For analysis of Akk abundance in feces, fecal bacterial DNA was extracted by Magen Hipure Stool DNA kit. After adjusting the DNA concentration, real-time PCR was conducted using the PrimeScript™ RT reagent Kit (Cat No. RR820A, Takara, Dalian) following the manufacturer’s protocol in a LightCycle480 real-time PCR System (Roche, Germany). The procedure included pre-denaturation of DNA samples at 95 °C for 30 s, then 40 cycles of denature at 95 °C for 5 s and anneal at 60 °C for 30 s, melted at 95 °C for 5 s and 60 °C for 1 min, finally cooled at 50 °C for 30 s. The fluorescent product was detected in the last step of each cycle. Relative quantification was calculated with 2−ΔΔCt, the results were normalized to 16 S rRNA gene.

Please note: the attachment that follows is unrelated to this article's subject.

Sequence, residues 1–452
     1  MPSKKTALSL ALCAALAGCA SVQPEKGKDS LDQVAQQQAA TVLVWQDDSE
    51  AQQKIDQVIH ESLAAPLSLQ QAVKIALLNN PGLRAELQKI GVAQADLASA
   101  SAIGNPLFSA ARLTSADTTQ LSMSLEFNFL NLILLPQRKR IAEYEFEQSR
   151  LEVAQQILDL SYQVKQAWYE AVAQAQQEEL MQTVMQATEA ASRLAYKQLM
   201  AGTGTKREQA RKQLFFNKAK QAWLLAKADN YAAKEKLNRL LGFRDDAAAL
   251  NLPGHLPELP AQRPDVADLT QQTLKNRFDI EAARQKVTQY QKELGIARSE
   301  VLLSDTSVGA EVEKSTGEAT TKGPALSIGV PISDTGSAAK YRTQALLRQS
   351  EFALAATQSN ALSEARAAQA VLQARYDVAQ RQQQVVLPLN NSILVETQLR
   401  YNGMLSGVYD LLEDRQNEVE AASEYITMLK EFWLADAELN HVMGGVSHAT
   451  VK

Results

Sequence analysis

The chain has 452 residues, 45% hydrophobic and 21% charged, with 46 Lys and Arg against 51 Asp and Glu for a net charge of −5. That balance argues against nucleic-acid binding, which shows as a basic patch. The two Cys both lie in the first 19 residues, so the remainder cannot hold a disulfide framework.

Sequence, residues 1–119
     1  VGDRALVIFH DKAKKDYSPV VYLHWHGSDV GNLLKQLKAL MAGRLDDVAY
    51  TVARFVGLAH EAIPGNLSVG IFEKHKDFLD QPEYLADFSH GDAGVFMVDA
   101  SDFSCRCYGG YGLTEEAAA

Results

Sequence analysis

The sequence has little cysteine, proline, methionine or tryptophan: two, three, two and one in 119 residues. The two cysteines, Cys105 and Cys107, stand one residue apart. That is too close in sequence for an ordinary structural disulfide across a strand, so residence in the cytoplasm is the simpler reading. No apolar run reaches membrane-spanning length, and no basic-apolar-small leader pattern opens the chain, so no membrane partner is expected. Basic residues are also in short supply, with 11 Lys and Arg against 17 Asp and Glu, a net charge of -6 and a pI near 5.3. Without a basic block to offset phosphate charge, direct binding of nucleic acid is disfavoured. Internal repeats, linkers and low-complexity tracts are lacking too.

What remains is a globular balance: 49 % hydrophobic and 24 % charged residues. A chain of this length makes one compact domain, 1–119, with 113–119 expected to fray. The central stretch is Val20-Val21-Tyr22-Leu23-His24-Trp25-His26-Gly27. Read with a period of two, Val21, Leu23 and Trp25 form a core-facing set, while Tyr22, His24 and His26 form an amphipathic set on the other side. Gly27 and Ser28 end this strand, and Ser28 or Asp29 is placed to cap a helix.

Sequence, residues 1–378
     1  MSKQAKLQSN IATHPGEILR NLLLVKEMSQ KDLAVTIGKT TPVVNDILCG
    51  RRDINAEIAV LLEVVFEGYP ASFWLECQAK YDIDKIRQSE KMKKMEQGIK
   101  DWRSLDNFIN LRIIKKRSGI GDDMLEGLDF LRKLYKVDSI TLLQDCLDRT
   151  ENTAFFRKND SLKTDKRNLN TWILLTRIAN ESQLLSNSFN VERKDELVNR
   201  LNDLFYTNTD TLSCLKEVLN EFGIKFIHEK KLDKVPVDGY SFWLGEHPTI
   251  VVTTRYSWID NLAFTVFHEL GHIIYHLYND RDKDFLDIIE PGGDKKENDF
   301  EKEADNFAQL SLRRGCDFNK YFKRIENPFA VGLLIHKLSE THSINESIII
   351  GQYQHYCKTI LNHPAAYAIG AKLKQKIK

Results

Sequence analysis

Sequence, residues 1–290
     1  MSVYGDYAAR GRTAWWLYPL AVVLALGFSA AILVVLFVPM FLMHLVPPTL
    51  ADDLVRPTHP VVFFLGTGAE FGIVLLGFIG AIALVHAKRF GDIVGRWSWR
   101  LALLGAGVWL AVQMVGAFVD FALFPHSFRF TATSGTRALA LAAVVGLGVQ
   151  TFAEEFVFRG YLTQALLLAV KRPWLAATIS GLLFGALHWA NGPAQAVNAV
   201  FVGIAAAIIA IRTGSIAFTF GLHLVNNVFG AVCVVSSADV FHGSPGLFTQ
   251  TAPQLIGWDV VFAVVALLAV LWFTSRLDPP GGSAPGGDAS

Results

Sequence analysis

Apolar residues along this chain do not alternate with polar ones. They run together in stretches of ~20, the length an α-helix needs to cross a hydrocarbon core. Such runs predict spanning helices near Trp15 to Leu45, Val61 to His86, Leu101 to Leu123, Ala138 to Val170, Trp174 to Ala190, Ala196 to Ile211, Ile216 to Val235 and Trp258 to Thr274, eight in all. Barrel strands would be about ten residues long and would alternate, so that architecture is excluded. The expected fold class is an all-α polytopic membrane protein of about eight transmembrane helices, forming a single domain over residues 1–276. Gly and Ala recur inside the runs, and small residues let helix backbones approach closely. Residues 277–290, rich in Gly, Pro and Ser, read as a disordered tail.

The primers were: Akkermansia muciniphila gene,
16S rRNA gene,
All samples were involved in statistical analysis. All analyses were performed with the Statistical Package for Social Sciences version 19.0 (SPSS) (IBM Corp, Armonk, NY, USA). Data were expressed as mean ± SEM. Statistical significance was determined by Student’s t-test (for comparison of two experimental groups) or one-way ANOVA (for comparison of three or more experimental groups). Comparisons with p < 0.05 were considered statistically significant.
Akk effectively regulated the glucose homeostasis and damage to the intestinal barrier in APP/PS1 mice